Burns, Mount – East Peak (EEOB)

Summit Elevation (m): 2622
Trip Date: August 30 2015
Elevation Gain (m): 1100
Round Trip Time (hr): 6.5
Total Trip Distance (km): 12
Quick ‘n Dirty Rating: Class 3 – you fall, you sprain or break something
Difficulty Notes: Moderate to difficult scrambling depending on the line you take. Avoid the false summit or end up on 5th class terrain.
Technical Rating: SC6; YDS (3rd)
GPS Track: Gaia
MapGoogle Maps

We debated long and hard about what we should do for Steven’s last trip before he moves to the lower mainland in BC. It would have been fantastic to do something huge like Robson or another 11,000er but alas, the weather, energy levels and time all conspired against us. On hindsight it was entirely fitting that we ended up doing a fairly obscure front range Nugara scramble with Ben, Steven and I getting lucky once again with the weather! Originally we were planning on heading up Gibraltar Mountain, but after realizing in the parking lot that none of us really had the energy to deal with the long approach (10+km) combined with flood damage, Steven suggested the much quicker and nearby East end of Mount Burns (EEOB). I didn’t even know this was a scramble in the area, but Steven has a great memory and remembered reading about it in Nugara’s book.

East Peak Burns Route Map

We started from the upper parking lot and soon cut off climber’s right into light bush towards the lower south east ridge. We followed the ridge up to tree line where the route is obvious – keep going up! The wind was fierce in sections but the views were surprisingly good, considering the smoke we’d been having in southern Alberta for the past week from forest fires in the USA. There are two false summit on EEOB and both can (and should) be bypassed on climber’s right. The traverses look like they might be tricky at first, but they’re simple and marked with cairns and even flagging on the second one. If you are on difficult terrain, you are off route, which did happen to us several times because we were looking for a challenge. Rick Collier looked for a challenge on the second false summit, and got a lot more than he bargained for!

So far this scramble was looking pretty darn popular with all the trails worn in scree and cairns / trees with flagging but this all stopped once we hit the upper ridge traverse to the true summit of EEOB. At this point most of the trails stopped and there were no more cairns. The ridge is as hard as you want it to be in sections, but overall it’s a moderate scramble if you know how to route-find in the Rockies. I got myself into one ‘situation’ when I dropped a bloody pole – I need to get new poles with wrist straps again! The ridge was fun, and the views were great. The only fly in the ointment was the strong wind gusts which threatened to blow us off a few times.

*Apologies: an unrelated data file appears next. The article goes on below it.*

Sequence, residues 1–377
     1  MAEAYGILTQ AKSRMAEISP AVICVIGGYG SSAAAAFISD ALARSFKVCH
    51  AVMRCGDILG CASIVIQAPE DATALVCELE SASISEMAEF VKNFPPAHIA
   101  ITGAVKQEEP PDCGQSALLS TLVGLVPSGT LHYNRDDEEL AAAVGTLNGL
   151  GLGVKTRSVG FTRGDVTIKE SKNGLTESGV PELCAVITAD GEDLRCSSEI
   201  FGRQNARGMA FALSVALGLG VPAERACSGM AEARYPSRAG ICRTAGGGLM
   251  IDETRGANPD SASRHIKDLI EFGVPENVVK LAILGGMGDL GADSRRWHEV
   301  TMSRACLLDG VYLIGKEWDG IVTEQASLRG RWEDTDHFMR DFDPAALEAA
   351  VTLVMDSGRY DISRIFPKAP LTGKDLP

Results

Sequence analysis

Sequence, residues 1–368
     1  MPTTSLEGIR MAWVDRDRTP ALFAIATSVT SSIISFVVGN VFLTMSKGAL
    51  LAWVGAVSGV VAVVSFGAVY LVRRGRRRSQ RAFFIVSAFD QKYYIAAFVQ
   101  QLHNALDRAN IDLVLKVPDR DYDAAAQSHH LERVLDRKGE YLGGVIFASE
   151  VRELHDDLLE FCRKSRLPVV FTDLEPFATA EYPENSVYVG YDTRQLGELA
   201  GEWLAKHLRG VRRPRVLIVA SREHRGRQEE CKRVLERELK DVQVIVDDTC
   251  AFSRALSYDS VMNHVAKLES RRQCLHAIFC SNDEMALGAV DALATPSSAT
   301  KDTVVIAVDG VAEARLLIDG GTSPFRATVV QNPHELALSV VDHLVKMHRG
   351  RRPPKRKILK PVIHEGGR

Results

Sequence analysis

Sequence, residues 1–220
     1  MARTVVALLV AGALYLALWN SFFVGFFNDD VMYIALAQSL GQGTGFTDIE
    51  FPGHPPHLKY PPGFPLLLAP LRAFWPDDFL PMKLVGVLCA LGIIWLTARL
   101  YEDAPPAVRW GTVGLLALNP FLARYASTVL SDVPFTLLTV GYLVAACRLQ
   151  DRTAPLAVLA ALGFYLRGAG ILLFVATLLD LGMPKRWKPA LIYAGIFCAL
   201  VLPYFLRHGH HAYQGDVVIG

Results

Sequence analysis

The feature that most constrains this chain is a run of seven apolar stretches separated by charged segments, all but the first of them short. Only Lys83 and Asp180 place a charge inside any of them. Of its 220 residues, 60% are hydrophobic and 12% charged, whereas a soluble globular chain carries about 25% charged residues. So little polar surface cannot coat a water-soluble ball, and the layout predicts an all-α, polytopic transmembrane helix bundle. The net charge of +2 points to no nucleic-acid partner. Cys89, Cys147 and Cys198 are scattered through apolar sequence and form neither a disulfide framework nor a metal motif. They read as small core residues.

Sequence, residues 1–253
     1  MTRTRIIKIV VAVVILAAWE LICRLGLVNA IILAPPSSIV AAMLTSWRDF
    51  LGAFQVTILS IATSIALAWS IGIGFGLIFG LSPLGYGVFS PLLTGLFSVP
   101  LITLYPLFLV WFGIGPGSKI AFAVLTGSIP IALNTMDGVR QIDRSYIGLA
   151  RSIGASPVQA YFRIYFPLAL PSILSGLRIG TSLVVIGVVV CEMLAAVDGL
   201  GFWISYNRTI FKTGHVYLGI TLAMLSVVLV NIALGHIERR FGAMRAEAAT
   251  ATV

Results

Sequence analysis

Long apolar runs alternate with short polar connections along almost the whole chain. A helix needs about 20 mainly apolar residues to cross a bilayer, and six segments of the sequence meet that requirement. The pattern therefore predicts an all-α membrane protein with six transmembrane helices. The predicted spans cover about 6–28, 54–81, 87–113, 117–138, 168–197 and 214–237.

Ben and Steven contemplate the amazing 157 peaks they’ve done together over the past 3 years!
A nice ledge traverse around the second false summit leads to the ridge and the true summit in the distance. Bluerock to the right.

Once we arrived at the true summit block there were two choices as indicated by Nugara in his book. Straight up the ridge is difficult scrambling, while traversing on climber’s right is more moderate. Ben and Steven tackled the ridge head-on while I continued to avoid the wind on climber’s right.

Steven scrambles up the summit ridge on Nugara’s difficult line.

The apex of EEOB wasn’t even as windy as the ridge and we took the requisite summit photos before signing the amazingly sparse (and huge) summit register that Kris Thorstenstein had left in 2013. We were only the 4th to sign and the 1st party of 2015. This summit certainly deserves more traffic than that! I’m wondering if the ridge traverse turns a lot of folks back? It’s not as bad as it looks… Kris wrote that he was hit by lightening on his first attempt – he was unhurt but his SPOT device was fried! Two weeks later he made the summit with his giant register. (Honestly – it’s the largest I’ve ever seen and is heavy enough to do arm curls at the summit with.)

Summit pano looking south, west and north. Gibraltar at center with Burns on the right.
Summit pano looking north, east and south. Burns on the left with Bluerock and Ware in the distance.

After nearly blowing off the summit a few times, we decided it would be wise to head down. Descent was pretty straight forward, sometimes we down climbed, other times we traversed on ledges. My sunglasses blew off at one point – it was extremely windy! Once we got off the ridge and into the forest the quiet of being out of the hurricane was palpable. Overall this was a nice representative scramble for Steven before he heads off to new adventures. I’m not sure how many summits we’ve done together but I do know that they were some of the nicest and most memorable ones I’ve done!

I highly recommend EEOB for a day when you might be craving a peak but don’t want to spend 10 hours along a flood ravaged creek or only bagging a grassy knoll somewhere. Just make sure you have your “route finding nose” on you for this trip, or you may end up like Rick and get a lot more than you bargained for.

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